Friday, September 07, 2007

Summer of British Film: Comedy

An old fart in a blazer is ringing the bell, so we must be starting the last week of the BBC's festival. The theme is comedy, but the fare looks disappointing compared with the earlier weeks.

There are three Aardman animations. These are great, of course, but haven't we seem them all several times before? And they're not really for grown ups, are they?

There a couple of Carry Ons: Camping and Spying. Good, but not the best in the series.

And there are, God help us, two Norman Wisdom films.

Even Lucky Jim is spoilt by the miscast Ian Carmichael.

If I have the energy left I shall tape and watch Oh! Mr Porter and The Battle of the Sexes. And there is also A Hard Day's Night. But unlike in most other weeks, there is no film here that I can say I have long wanted to see. Perhaps it is a bad selection, or perhaps comedy tends to date more than other film genres.

I have been picking the best film of the week, but none excites me enough this time. Instead let me pick the worse. Norman Wisdom's 1950s films were bad enough, with their mawkishness - we had to forgive Norman for being stupid because it was all for the orphans' Christmas party and he always got the girl despite being an immature idiot. (What would the sex have been like?)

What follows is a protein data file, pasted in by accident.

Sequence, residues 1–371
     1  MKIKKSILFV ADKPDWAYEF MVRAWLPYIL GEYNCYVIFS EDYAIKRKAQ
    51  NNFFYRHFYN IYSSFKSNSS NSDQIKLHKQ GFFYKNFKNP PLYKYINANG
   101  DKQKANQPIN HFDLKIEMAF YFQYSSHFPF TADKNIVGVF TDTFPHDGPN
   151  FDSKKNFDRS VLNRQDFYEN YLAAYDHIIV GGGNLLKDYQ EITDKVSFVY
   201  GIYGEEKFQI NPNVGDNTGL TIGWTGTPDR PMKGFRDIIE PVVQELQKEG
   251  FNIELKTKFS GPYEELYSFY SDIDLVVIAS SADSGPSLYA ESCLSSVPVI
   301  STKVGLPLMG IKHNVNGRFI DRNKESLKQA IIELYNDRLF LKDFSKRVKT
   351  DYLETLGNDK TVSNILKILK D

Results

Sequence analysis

Press for Time, made in 1966 in an attempt to update his image for the swinging decade, is far worse.

Instead of worrying about it, let me repeat an anecdote I heard from someone who acted as the straight man in Wisdom's stage show for many years.

One day Wisdom took him to one side and told him how much he admired his professionalism. "We've been working together all this time, and you've never cracked up during my act once." The straight man later commented: "I could hardly tell him: 'Norman, the reason I have never once laughed during your act is that I do not find it the remotest bit funny'."

Press for Time is on BBC2 at 1.30 p.m. on Monday 10 September. Don't watch it.

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